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35th Annual IEEE/ACM International Symposium on Microarchitecture, 2002. (MICRO-35). Proceedings. (2002)
Istanbul, Turkey
Nov. 18, 2002 to Nov. 22, 2002
ISSN: 1072-4451
ISBN: 0-7695-1959-1
pp: 383
André Seznec , IRISA/INRIA
Eric Toullec , IRISA/INRIA
Olivier Rochecouste , IRISA/INRIA
With the continuous shrinking of transistor size, processor designers are facing new difficulties to achieve high clock frequency. The register file read time, the wake up and selection logic traversal delay and the bypass network transit delay with also their respective power consumptions constitute major difficulties for the design of wide issue superscalar processors.<div></div> In this paper, we show that transgressing a rule, that has so far been applied in the design of all the superscalar processors, allows to reduce these difficulties. Currently used general-purpose ISAs feature a single logical register file (and generally a floating-point register file). Up to now all superscalar processors have allowed any general-purpose functional unit to read and write any physical general-purpose register.<div></div> First, we propose Register Write Specialization, i.e, forcing distinct groups of functional units to write only in distinct subsets of the physical register file, thus limiting the number of write ports on each individual register. Register Write Specialization significantly reduces the access time, the power consumption and the silicon area of the register file without impairing performance.<div></div> Second, we propose to combine Register Write Specialization with Register Read Specialization for clustered superscalar processors. This limits the number of read ports on each individual register and simplifies both the wakeup logic and the bypass network. With a 8-way 4-cluster WSRS architecture, the complexities of the wake-up logic entry and bypass point are equivalent to the ones found with a conventional 4-way issue processor. More physical registers are needed in WSRS architectures. Nevertheless, using WSRS architecture allows a dramatic reduction of the total silicon area devoted to the physical register file (by a factor four to six). Its power consumption is more than halved and its read access time is shortened by one third. Some extra hardware and/or a few extra pipeline stages are needed for register renaming. WSRS architecture induces constraints on the policy for allocating instructions to clusters. However, performance of a 8-way 4-cluster WSRS architecture stands the comparison with the one of a conventional 8-way 4-cluster conventional superscalar processor.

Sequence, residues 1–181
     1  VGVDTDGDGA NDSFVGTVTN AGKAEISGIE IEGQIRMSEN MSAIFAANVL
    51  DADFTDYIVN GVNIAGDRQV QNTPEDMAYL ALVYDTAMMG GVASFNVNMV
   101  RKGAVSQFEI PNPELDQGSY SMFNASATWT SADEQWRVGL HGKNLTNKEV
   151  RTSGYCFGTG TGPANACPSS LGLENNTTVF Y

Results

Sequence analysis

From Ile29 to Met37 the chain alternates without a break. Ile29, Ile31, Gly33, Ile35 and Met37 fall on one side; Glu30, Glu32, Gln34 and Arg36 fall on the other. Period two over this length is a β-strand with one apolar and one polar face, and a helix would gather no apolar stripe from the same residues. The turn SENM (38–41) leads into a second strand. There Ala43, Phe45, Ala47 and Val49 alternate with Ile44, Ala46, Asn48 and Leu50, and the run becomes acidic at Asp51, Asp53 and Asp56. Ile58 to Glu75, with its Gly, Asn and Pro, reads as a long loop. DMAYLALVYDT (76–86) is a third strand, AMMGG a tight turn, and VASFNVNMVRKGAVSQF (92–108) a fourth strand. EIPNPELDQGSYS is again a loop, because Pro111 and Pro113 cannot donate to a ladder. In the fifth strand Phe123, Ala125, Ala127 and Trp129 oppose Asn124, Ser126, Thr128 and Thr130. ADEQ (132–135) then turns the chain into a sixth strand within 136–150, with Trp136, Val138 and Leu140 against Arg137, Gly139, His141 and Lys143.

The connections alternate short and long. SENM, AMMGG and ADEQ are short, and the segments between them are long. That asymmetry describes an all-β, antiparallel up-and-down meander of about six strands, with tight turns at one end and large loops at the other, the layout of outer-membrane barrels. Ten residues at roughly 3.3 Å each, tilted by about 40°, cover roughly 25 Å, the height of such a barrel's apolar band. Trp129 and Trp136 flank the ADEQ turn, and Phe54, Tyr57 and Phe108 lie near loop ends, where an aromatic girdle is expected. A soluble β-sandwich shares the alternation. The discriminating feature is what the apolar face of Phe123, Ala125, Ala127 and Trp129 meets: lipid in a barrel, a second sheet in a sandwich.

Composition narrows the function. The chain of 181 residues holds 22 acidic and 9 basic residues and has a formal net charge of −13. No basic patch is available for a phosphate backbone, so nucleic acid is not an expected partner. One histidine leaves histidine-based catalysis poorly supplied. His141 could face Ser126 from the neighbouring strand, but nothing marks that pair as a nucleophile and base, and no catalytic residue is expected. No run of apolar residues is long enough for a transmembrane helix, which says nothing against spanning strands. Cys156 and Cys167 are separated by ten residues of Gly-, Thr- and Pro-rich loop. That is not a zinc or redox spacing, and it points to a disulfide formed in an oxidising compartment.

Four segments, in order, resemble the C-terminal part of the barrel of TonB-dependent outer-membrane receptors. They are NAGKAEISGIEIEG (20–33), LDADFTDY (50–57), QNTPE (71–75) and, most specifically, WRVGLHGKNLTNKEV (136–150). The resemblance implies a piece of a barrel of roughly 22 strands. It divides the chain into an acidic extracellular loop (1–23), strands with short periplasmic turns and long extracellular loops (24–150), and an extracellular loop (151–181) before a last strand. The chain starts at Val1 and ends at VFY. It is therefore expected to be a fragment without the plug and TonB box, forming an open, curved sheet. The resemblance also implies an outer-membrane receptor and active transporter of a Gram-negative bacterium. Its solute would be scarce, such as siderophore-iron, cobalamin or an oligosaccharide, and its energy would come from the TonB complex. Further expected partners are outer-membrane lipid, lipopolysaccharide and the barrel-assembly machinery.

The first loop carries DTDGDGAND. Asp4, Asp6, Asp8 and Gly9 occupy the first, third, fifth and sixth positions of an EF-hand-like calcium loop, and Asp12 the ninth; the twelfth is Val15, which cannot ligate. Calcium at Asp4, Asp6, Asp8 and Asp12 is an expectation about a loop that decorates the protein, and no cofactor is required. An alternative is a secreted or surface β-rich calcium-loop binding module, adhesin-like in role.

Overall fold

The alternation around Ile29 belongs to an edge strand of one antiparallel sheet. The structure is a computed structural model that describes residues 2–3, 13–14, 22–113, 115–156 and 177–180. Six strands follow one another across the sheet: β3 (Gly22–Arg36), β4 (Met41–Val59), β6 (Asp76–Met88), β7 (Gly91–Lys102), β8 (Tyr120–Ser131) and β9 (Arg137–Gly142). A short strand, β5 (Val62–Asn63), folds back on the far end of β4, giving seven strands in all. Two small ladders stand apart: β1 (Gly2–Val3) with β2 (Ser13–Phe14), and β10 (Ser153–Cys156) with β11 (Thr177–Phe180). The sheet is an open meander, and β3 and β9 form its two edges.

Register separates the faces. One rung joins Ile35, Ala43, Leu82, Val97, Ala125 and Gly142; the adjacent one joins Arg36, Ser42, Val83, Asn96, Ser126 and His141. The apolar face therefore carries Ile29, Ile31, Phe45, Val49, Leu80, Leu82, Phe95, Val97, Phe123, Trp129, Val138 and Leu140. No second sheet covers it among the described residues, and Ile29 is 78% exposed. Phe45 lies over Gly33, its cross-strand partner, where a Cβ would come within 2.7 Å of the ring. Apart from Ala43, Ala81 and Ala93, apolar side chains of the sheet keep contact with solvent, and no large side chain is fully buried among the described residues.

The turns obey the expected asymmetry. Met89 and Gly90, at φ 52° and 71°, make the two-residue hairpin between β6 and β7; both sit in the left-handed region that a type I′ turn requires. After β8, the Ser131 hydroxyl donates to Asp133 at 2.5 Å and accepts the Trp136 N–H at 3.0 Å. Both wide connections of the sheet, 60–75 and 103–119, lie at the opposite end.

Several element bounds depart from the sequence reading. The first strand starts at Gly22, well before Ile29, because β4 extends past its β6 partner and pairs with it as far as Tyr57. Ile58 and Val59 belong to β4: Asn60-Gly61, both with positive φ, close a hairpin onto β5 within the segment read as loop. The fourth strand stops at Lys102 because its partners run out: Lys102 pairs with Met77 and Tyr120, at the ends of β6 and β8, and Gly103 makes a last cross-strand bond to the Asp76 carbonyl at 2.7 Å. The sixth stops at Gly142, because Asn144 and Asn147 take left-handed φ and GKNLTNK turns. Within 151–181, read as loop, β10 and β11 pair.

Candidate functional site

A. Seznec, E. Toullec and O. Rochecouste, "Register Write Specialization Register Read Specialization: A Path to Complexity-Effective Wide-Issue Superscalar Processors," 35th Annual IEEE/ACM International Symposium on Microarchitecture, 2002. (MICRO-35). Proceedings.(MICRO), Istanbul, Turkey, 2002, pp. 383.
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